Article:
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Hi Chris

Somthing that may help you at your fitness level is a beginners 5K running plan, if you go onto the BUPA website they have loads of plans available for free. Start with the beginners 5K training then move onto the beginers 10k plan and so on, be honest with yourself regarding your fitness level and pick a plan to suit, if you pick a plan thats too advanced it will get too tough then you wont want to do it anymore!

 

Swimming is another good sport for working on your physical fitness, it is non impact, works every single muscle in your body and it helps improve flexability! If you try to fit 2 X 1 hour sessions of swimming per week into your plan you will feel a massive difference!

 

resistance training or weight training is the way to go as far as strength is concerned, it is definitely worth getting advice in this area, and I mean professional advice since just about every guy in the gym will think that they are an expert at this. What you want to achieve is strength without muscle mass so there is no point getting advice from a bodybuilder! John Hopkins says his fitness goals are to be as strong and as light as possible, the people that I think achieve that best are martial artists! Maybe worth joining a club or just getting advice on their training techniques!

 

Hope some of this helps and good luck with your endurance race!

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Bikerchris - your other post about fluids & salts was inadvertantly deleted cos the moderator thought it contained spam. I answered at length - if you want the detailed answer, pls ask again. the short answer - for me - is that fluids + rehydrating salts are an essential even for trackdays - otherwise I get cramps - I do sweat though, & some dont seem to.

 

all the best. ian

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Bikerchris - your other post about fluids & salts was inadvertantly deleted cos the moderator thought it contained spam. I answered at length - if you want the detailed answer, pls ask again. the short answer - for me - is that fluids + rehydrating salts are an essential even for trackdays - otherwise I get cramps - I do sweat though, & some dont seem to.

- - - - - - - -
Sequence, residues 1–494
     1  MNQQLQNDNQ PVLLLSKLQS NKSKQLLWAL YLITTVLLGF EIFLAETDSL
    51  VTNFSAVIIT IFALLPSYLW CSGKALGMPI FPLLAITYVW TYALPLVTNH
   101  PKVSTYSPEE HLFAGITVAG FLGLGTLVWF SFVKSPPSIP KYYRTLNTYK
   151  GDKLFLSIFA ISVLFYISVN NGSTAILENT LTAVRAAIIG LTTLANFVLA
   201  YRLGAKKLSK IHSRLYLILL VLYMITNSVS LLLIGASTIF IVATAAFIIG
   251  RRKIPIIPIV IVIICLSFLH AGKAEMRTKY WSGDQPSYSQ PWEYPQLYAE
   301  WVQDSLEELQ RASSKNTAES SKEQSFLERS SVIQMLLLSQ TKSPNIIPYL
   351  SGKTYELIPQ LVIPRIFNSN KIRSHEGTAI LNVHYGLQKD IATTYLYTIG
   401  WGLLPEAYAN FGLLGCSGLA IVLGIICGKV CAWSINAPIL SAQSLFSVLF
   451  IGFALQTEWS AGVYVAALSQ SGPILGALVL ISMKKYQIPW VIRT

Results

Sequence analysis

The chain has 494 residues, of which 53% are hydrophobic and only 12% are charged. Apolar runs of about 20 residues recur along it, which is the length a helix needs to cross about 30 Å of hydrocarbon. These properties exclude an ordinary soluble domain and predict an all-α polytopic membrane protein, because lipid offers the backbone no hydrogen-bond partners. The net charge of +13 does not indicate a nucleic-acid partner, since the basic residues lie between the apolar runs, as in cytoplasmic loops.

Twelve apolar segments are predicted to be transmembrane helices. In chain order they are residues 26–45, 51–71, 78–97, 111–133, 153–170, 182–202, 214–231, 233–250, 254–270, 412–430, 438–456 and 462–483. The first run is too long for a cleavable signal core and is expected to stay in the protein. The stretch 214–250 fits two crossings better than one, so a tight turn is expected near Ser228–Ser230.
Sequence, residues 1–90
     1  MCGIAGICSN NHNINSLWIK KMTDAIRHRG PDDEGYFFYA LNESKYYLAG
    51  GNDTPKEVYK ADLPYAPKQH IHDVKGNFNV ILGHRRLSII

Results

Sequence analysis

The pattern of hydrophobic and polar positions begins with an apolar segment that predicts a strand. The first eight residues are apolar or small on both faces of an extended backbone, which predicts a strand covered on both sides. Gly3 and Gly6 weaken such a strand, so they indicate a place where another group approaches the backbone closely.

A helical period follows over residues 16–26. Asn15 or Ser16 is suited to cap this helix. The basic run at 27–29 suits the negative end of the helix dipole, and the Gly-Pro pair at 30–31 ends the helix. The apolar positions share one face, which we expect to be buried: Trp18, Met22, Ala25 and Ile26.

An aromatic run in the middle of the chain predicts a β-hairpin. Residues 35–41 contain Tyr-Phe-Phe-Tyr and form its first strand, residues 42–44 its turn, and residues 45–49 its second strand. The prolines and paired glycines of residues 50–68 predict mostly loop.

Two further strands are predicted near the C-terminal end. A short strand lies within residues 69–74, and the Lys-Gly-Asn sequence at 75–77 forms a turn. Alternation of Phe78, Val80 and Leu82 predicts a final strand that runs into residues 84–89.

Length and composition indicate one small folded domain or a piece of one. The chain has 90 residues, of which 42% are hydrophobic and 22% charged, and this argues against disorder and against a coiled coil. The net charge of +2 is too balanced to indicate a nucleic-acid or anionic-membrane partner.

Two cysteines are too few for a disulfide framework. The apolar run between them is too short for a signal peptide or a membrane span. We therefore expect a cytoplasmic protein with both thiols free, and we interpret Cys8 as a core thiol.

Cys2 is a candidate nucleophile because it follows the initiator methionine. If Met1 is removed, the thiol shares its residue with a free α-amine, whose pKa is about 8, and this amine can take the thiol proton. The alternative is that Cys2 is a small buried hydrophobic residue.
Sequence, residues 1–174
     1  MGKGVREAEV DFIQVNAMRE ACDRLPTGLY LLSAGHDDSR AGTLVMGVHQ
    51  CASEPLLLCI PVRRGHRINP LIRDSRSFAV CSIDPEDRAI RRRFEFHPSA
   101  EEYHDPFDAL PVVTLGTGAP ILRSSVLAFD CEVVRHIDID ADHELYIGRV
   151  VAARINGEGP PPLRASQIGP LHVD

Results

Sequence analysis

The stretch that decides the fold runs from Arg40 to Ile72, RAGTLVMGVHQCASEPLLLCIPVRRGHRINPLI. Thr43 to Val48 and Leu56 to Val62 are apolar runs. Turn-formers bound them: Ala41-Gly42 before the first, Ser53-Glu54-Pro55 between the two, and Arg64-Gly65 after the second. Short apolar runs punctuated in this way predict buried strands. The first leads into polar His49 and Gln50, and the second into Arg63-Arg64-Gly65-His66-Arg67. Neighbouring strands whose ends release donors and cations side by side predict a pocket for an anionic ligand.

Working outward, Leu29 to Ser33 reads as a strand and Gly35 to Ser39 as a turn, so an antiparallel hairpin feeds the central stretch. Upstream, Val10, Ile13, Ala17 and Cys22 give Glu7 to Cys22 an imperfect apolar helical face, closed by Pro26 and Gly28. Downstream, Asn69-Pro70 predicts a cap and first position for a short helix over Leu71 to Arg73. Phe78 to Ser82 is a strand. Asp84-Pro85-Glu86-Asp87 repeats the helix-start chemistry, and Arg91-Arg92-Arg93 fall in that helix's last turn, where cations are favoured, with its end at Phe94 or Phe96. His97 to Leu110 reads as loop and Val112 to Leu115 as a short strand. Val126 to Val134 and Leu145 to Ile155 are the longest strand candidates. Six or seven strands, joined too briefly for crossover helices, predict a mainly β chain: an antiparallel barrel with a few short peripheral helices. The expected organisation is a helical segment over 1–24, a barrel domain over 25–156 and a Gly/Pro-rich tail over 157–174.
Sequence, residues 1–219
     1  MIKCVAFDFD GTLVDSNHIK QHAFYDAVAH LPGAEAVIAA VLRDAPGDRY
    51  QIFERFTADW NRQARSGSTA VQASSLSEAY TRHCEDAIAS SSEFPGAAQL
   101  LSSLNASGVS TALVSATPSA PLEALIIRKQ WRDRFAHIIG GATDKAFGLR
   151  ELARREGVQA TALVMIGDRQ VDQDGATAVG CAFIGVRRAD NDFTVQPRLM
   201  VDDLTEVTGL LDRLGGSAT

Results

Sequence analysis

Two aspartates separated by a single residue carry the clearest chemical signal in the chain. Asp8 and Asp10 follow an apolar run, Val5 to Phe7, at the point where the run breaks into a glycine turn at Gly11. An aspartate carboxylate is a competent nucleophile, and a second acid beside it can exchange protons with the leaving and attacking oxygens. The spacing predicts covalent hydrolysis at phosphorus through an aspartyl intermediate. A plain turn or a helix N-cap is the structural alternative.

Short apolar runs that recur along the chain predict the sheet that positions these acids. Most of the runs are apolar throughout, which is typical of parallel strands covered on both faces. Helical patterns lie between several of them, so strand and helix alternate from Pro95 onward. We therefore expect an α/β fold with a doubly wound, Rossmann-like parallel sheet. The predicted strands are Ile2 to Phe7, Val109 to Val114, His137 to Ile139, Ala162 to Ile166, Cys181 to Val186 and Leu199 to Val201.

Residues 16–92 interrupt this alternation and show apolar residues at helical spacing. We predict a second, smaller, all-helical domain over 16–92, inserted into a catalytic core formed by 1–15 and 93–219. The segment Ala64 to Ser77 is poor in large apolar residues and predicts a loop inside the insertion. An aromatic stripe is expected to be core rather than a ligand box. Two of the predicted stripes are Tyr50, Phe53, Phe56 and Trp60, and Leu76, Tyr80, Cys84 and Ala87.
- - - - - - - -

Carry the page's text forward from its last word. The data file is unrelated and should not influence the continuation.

all the best. ian

 

We have found that potassium helps with the cramps. Salt and potassium are the main electrolytes. If you can't get any, eat tons of veggies, really helps.

 

CF

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Hi acebobby,

 

Thank you very much for your tips, by chance I have randomly started jogging - possibly not 5k but not far from it (i hope!). There's not a convenient local swimming pool near me, so to replace it (and don't laugh anyone!) I'm trying yoga instead - because of the flexibility side of it.

 

That's a really good idea about martial arts, never thought about that and will research. You're right though, I don't want to bulk up but more strengthen up and lean up at the same time! So far I'm just doing press-ups, weighted squats and curls - but not with heavy weights, only 20-30KG or so. A friend said to focus on number of reps rather than large amount of weights...hope that's right!

 

Hi documented,

 

That's very kind of you to mention that my post was deleted - these things happen I suppose...and I was mentioning a chemical the body uses! I would like the longer answer if possible though - or if you don't wish to re-type (i hate doing that!) then by all means point me to a source you consider to be correct ;-) I sweat like a ho', so based on that I'm guessing I definitely need the salt?

 

Thanks Cobie, I'm mainly eating salad at the moment because it's so easy! Muchos appreciated though :-)

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Oh, one problem I have suffered during my vigorous new exercise, is what feels like bruised lower ribs? Has anyone else ever had this? So far I've net-searched and found that I may have bruised them by breathing so heavily - having not been entirely fit for 6-12months or so, what do you think about that?

 

I must admit though, even though it's really tiring, jogging really pumps ya' up! :o